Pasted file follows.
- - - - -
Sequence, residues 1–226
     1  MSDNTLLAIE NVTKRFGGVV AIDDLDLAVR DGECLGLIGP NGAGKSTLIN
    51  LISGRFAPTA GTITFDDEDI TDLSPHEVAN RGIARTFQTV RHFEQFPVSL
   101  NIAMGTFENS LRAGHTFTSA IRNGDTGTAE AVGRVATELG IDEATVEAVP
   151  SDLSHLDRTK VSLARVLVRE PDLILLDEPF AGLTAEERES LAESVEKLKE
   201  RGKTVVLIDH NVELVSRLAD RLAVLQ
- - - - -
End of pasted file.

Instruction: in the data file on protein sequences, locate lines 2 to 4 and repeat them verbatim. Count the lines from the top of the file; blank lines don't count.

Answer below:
     1  MSDNTLLAIE NVTKRFGGVV AIDDLDLAVR DGECLGLIGP NGAGKSTLIN
    51  LISGRFAPTA GTITFDDEDI TDLSPHEVAN RGIARTFQTV RHFEQFPVSL
   101  NIAMGTFENS LRAGHTFTSA IRNGDTGTAE AVGRVATELG IDEATVEAVP